The Ending of Shrew v The Ending of the Dream A Midsummer Night’s Dream : a play which doesn’t quite know how to stop, offering a superabundance of closural devices – bergamask, Theseus’s apparently concluding ‘off to bed’ speech; the dance of the fairies with Oberon and Titania… and, finally,… Puck’s epilogue.
The Craft of Endings: some questions and tentative answers 2) What is the average length of the closing speech act? 9.25 lines 3) Who speaks it? A male character not impossible that the same actor played Fortinbras, Edgar, Malcolm and Octavius Caesar – the last of whom closes both Julius Caesar and Antony and Cleopatra. The case is altered with the Romances – largely because the established authority figure and the lead actor has survived the plot: it was presumably Richard Burbage – as Pericles, Leontes and Prospero – who enjoyed the privilege of vocally closing those late plays.
The Craft of Endings: some questions and tentative answers 4) What time elapses between the death of a major character and the end of the play? Average = 64 lines In Shakespeare’s two earliest tragedies – Titus Andronicus and Romeo and Juliet – more than twice the average length expires; notoriously in Romeo the Friar alone spends 31 lines telling the audience what it already knows: ‘I will be brief’! In mature tragedies Othello and King Lear, only 16 lines, roughly 1 minute, elapses between the death of the titular hero and the death of the play. The final tragedy Coriolanus is comparably terse and abbreviated. 5) How many plays end in rhyming couplets? Approx. 75% or three in four
The Craft of Endings: some questions and tentative answers 6) How many plays end with the promise of offstage discussion? At least 14 7) How many plays end with an epilogue or a jig ? Impossible to say, but 10 epilogues survive in print Thomas Platter: September 1599: went to ‘the house with the thatched roof’ and watched ‘the tragedy of the first emperor Julius Caesar’: “At the end of the comedy, according to their custom, they danced with exceeding elegance, two each in men’s and two in women’s clothes, wonderfully together.”
Plays within plays – various models of endings Henry IV, 1 : Banish plump Jack, and banish all the world. I do, I will. [ Knocking within ] Hamlet : Polonius: Give o’er the play Dream : Bottom: Will it please you to see the epilogue or to hear a bergamask dance between two of our company Theseus: No epilogue, I pray you; for your play needs no excuse.
The new puritanism? For a variety of reasons theatrical professionals continue to be unsatisfied with the closing moments of Shakespeare’s plays as scripted in the Folio and the Quartos, so that a playgoer is especially likely to encounter some form of rescripting in Act 5. (Alan Dessen, Rescripting Shakespeare, p.109)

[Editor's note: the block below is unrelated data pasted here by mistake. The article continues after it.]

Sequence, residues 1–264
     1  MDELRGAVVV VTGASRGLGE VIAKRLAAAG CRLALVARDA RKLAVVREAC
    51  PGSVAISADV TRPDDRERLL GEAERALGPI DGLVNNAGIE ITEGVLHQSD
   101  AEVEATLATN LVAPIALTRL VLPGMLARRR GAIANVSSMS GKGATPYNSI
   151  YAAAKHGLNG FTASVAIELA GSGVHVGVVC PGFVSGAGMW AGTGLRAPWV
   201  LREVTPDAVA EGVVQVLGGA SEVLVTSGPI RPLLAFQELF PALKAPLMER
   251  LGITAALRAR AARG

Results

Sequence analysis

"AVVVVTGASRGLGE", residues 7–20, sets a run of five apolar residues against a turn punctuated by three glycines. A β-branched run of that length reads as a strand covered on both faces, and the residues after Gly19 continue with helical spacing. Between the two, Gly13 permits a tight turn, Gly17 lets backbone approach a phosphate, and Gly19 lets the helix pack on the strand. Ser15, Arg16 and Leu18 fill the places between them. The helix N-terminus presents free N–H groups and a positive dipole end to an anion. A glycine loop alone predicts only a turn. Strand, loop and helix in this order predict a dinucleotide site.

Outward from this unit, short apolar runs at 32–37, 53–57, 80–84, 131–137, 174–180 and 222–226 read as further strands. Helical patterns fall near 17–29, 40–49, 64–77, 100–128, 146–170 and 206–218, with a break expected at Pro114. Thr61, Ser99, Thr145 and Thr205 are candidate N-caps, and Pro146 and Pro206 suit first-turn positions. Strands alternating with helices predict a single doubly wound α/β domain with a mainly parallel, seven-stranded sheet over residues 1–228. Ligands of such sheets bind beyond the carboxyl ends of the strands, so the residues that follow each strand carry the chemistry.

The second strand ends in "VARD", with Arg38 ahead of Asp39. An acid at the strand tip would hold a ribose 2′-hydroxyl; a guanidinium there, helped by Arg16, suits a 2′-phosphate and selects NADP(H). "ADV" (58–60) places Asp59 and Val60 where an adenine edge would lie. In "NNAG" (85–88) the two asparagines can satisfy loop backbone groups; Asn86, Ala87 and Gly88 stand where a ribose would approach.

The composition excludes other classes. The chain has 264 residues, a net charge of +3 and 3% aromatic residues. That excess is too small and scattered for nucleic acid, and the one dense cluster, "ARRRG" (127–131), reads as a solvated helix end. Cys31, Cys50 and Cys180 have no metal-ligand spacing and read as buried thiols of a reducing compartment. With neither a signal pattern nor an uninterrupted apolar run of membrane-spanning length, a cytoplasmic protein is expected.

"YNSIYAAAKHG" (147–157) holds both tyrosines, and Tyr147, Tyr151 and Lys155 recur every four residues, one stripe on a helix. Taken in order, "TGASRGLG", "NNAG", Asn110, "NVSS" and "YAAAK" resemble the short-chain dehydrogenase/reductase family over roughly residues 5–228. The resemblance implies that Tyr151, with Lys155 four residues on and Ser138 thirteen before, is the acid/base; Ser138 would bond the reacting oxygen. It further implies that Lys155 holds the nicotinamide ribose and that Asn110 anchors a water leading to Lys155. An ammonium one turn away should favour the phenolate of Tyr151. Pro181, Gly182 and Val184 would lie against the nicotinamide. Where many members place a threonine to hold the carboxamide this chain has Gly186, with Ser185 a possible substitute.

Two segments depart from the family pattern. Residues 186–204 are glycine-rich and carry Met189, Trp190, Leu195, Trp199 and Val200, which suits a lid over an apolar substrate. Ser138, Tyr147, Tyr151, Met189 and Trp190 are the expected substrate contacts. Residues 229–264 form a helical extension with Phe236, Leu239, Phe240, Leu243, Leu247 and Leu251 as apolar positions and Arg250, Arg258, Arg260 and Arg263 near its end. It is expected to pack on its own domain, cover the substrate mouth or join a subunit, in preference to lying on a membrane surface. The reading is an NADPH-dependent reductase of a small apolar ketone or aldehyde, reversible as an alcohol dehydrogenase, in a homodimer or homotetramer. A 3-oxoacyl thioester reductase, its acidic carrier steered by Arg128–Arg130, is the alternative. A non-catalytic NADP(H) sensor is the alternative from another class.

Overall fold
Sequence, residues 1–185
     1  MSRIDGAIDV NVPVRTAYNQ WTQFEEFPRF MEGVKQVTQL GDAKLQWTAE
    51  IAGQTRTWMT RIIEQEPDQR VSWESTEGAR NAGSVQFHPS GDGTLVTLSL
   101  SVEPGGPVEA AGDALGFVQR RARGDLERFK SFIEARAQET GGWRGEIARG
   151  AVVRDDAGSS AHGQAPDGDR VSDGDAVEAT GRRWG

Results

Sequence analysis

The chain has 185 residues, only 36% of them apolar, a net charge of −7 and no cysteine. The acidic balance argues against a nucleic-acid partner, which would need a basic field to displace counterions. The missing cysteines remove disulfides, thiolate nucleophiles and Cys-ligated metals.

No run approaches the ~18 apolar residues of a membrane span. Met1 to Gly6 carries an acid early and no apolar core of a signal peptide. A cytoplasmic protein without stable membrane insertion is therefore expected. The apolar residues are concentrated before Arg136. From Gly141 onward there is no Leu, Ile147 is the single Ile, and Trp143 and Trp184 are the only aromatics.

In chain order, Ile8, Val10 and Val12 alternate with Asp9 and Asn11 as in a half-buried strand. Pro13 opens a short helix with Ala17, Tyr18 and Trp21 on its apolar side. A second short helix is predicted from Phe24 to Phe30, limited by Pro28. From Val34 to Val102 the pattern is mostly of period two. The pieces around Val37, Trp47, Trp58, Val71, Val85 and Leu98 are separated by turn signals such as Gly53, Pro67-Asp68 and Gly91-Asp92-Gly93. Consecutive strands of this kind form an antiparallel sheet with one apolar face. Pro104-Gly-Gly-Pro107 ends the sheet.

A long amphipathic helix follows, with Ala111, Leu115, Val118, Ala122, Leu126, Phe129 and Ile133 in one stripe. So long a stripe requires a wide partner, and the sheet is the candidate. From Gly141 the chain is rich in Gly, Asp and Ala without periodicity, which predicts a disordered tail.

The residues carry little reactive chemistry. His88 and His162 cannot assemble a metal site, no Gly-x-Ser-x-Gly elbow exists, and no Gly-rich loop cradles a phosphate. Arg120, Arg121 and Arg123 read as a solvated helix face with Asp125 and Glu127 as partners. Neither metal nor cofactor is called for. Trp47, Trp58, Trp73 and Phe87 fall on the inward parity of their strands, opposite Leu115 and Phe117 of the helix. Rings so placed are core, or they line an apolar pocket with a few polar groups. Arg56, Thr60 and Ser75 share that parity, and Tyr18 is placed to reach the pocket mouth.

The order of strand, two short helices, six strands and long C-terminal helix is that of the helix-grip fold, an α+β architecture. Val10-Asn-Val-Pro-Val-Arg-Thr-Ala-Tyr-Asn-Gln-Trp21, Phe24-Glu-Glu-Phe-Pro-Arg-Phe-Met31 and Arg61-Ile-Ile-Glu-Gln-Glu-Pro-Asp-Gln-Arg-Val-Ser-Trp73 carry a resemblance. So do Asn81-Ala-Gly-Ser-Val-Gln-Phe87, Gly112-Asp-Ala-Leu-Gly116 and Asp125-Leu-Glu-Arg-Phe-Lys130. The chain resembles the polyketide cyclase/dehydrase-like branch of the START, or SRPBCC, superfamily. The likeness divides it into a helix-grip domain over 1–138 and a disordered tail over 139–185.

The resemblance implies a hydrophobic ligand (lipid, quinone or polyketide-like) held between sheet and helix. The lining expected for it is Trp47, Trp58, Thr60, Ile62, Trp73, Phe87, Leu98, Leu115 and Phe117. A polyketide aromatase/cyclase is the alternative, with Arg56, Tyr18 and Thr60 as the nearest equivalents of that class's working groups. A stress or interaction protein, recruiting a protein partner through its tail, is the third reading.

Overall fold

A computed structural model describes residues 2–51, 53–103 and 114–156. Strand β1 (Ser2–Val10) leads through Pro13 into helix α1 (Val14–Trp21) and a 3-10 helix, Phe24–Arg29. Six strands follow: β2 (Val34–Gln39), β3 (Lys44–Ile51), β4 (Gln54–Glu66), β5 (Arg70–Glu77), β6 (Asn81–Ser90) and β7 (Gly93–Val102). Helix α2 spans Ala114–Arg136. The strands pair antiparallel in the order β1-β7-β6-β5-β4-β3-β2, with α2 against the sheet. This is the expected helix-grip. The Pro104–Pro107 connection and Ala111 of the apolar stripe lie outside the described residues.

Henry Irving’s end to Hamlet: Good night, sweet Prince, And flights of angels sing thee to thy rest… Whiles I behind remain to tell the tale Which shall hereafter make the hearers pale.
The theatre’s defence against puritanism: A production is only correct at the moment of its correctness, and only good at the moment of its success. In its beginning is its beginning, and in its end its end. Peter Brook
Epilogue: Endings in the early modern theatre had a theological dimension Far from being careless, Shakespeare deliberately experimented with different forms of dramatic (non)closure throughout his career, sometimes providing more than one ending for the same play (e.g. Lear ) Shakespeare often embeds an interpretive (and post-performance community-building?) injunction at the end of his plays The playtext is a radically incomplete form of writing and the performance does not end with language This incompletion demands that theatrical practitioners exceed the text and shape their own endings
It’s hard to say exactly when the performance ends (applause; exiting the theatre; memory) In the modern theatre, the ending is one of the key moments in which the director asserts her authority / interpretive stamp on the production – watch closely tonight during the closing minutes of Titus… [All statistics should be treated with caution and require interpretation]
King Lear – Quarto (1608) Lear. And my poore foole is hangd, no, no life, why should a dog, a horse, a rat of life, and thou no breath at all, O thou wilt come no more, neuer, neuer, neuer, pray you vndo this button, thanke you sir, O, o, o o. Edg. He faints my Lord, my Lord. Lear. Breake hart, I prethe breake.